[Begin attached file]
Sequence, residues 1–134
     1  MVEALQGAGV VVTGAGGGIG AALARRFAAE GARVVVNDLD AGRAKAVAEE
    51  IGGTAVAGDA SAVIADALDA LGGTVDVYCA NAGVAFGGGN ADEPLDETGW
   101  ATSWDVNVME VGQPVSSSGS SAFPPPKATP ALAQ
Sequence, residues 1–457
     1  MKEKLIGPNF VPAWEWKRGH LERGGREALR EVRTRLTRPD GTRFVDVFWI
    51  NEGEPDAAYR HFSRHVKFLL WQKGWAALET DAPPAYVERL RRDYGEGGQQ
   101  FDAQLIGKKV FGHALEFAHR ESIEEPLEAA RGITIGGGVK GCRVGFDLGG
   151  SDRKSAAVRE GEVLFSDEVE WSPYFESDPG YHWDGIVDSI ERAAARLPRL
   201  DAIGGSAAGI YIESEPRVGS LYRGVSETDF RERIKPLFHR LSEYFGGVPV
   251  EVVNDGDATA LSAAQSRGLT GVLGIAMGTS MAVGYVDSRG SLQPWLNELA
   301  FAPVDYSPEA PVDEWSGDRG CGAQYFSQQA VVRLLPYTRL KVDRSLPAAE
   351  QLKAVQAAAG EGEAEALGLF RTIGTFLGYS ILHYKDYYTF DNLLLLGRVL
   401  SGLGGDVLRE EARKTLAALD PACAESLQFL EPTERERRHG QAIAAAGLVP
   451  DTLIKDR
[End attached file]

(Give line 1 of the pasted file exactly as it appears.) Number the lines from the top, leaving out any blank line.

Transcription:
Sequence, residues 1–134